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Will I Repeat Myself On The Dimi?
Recently, a harmonica playing musician that I respect brought up an interesting question on a harmonica forum about playing the Dimi layout chromatic harmonica.
His question is a perennial one for those who are considering trying the Dimi.
Most of us know by now that, due to the symmetrical construction of the Diminished scale, the Dimi only has three unique fingering patterns across all 12 keys. In other words, the key of Bb plays exactly the same, in terms of its "fingerings" as the key of Db, the key of E and the key of G. For example, a Bb Major scale will have the same exact fingering options as the keys of Db, E, and G do.
The harmonica can be a tough instrument, and while we might ideally be musically pure and transcend our instrument, at a certain point we will have to work with the practicalities of the harmonica and find what works on it. If our instrument has only three unique patterns, and the other nine keys are repeats in terms of fingerings and other physical characteristics, isn’t it likely that we will repeat ourselves more often than we would on a traditional harmonica?
A common, and understandable, argument for the traditional Solo layout goes as follows: Personally I like the fact that the "fingerings" are different for each key. It gives each key its own character. It is less boring for the listener. In other words, the Solo layout chromatic, which is the traditional chromatic harmonica that 99.9% of chromatic players play, has a unique fingering pattern for each key. This fact somewhat "forces" an improvising musician who plays the Solo layout to play different phrases in one key that in any of the others. By the way, let me assert that I am never arguing against the Solo layout chromatic harmonica. Too much great music has been on it. Toots Thielemans is one of my favorites. I am simply comparing the Dimi and the Solo layouts.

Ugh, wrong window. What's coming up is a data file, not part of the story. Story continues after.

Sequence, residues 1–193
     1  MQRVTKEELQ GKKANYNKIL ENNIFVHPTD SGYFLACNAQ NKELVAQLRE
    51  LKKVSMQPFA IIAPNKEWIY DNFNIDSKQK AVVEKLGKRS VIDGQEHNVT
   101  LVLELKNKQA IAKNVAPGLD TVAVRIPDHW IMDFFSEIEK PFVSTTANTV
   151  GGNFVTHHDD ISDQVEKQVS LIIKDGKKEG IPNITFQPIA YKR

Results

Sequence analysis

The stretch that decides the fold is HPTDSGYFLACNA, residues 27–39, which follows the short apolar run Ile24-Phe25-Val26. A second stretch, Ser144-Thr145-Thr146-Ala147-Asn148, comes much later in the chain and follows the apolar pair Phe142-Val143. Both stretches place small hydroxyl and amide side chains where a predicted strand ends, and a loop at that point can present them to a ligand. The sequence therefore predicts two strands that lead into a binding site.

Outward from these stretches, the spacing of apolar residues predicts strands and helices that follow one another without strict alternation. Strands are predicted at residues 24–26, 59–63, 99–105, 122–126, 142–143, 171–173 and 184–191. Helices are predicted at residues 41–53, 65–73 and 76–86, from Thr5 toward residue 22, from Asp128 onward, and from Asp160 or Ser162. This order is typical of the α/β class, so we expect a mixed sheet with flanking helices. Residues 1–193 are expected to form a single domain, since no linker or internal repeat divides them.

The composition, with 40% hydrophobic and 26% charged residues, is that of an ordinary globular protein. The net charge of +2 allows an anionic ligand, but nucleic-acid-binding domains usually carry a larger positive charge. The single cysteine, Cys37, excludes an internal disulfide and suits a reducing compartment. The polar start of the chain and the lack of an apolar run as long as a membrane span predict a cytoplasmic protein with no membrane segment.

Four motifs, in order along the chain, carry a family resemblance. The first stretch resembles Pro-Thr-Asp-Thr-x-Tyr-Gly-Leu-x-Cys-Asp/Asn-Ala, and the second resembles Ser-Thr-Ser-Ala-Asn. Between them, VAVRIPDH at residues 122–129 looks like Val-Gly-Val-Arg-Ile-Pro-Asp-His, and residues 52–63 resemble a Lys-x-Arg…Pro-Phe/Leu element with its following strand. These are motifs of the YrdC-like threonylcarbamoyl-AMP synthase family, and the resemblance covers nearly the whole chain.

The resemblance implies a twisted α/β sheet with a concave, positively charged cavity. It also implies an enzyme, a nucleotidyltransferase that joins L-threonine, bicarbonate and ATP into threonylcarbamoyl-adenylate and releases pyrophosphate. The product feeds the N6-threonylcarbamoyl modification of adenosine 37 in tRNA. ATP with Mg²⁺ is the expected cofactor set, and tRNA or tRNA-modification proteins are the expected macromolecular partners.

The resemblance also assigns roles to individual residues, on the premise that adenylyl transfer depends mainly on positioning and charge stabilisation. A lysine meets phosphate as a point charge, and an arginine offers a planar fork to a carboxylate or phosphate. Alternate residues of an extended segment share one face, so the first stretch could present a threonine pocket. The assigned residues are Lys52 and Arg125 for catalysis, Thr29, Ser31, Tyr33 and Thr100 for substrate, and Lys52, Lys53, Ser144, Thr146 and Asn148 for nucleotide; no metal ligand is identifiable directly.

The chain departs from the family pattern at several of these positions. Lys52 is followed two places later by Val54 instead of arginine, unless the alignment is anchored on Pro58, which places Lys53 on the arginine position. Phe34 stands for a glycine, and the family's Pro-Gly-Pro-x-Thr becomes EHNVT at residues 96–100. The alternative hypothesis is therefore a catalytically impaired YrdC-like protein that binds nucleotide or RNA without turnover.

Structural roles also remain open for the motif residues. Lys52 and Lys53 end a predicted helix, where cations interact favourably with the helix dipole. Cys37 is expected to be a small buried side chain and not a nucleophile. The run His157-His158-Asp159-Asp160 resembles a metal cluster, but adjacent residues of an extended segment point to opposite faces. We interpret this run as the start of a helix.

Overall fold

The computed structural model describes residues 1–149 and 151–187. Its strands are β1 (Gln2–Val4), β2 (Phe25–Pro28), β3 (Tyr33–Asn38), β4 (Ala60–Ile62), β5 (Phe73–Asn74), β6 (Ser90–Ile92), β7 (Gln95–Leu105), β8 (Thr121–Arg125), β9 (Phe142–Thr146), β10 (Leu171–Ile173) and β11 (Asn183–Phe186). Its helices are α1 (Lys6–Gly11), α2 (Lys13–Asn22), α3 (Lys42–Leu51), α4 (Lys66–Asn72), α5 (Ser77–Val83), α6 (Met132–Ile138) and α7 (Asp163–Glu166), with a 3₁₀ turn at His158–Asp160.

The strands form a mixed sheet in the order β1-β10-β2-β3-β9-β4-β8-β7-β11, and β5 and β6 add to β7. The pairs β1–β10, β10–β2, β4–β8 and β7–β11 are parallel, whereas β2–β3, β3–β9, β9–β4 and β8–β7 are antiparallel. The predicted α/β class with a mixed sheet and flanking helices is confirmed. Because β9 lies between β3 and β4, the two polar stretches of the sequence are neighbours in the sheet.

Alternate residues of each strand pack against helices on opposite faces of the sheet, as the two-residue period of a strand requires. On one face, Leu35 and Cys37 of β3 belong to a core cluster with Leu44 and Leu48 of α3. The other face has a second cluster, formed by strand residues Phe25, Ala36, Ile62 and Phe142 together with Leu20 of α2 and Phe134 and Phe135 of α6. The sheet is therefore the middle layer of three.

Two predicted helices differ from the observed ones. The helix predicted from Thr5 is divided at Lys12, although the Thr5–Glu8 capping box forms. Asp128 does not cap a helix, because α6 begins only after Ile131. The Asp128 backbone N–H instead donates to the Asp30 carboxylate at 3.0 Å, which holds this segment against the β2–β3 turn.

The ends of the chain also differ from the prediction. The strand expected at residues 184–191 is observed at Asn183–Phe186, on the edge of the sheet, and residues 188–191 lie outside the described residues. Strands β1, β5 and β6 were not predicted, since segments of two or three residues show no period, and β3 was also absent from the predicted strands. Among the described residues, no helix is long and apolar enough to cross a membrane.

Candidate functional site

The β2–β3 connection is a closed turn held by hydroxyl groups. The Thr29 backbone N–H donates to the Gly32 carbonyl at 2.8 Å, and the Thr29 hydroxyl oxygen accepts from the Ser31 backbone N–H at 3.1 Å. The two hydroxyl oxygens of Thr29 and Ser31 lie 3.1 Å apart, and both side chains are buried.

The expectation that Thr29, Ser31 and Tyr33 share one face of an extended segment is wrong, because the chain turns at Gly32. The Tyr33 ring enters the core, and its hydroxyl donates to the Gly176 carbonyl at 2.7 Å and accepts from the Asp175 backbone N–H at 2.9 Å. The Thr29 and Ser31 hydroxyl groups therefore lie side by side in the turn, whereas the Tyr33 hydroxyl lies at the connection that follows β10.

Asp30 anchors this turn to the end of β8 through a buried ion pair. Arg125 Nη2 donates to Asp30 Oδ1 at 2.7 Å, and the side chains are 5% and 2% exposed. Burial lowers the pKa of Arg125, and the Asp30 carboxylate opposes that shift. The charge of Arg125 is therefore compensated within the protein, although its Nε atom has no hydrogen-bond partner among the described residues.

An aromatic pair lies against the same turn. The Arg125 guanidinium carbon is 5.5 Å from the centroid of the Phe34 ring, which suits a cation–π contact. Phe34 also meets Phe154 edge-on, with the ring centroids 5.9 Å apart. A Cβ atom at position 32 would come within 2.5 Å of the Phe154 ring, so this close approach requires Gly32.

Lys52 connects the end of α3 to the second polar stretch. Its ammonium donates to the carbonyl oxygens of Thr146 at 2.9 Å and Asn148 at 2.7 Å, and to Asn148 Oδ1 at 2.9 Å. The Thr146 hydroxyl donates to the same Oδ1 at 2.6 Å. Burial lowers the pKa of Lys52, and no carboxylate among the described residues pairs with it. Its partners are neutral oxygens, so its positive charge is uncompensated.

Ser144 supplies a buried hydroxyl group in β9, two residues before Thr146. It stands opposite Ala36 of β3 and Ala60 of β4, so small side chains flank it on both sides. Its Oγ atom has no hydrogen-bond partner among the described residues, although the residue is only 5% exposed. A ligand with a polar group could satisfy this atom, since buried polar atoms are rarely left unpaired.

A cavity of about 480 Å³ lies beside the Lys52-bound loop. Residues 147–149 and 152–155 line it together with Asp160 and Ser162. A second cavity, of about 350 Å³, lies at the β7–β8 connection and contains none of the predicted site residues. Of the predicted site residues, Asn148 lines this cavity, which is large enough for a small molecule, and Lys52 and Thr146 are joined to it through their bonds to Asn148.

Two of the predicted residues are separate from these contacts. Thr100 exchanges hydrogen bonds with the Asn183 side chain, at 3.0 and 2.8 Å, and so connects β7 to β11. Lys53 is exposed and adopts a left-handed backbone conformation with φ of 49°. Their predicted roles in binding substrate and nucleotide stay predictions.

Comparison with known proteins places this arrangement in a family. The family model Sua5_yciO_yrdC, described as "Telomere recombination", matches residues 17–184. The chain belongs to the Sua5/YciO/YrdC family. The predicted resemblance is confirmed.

Here is the response I gave:
This is an interesting question.
Will an improvising Dimi player tend to repeat himself more often (than a Solo player would) because of the repeating patterns on the Dimi layout? It would be a logical conclusion, but I'm not so sure.
In other words, on the Dimi, all fingerings for the key of G = key of Bb = key of Db = key of E.
We know that the Solo player won't play the same patterns in E that he does in Bb. But will the Dimi player tend to play similar patterns in E as to what he plays in Bb?
Let's take, as an example, playing Major scales in stepwise fashion. This is a very limited example, but it might illustrate something.
So, to summarize, on our selection of scales that go from E major to Bb Major:
And, if we were to limit the Solo layout to a less generous interpretation, due to somewhat redundant enharmonics:
Which of these scenarios is more advantageous? Which gives a richer set of options? Which player has more variety to work with? I think Dimi is very competitive, and offers a number of other advantages as well.
Of course, this is an imperfect example. There are keys on the Dimi that have less options. (There are only four options for some keys). But I think it illustrates that the obvious surface assumptions may not be that reliable.
P.S. This doesn't even get into half valving, which is an option for additional enharmonics on the Dimi.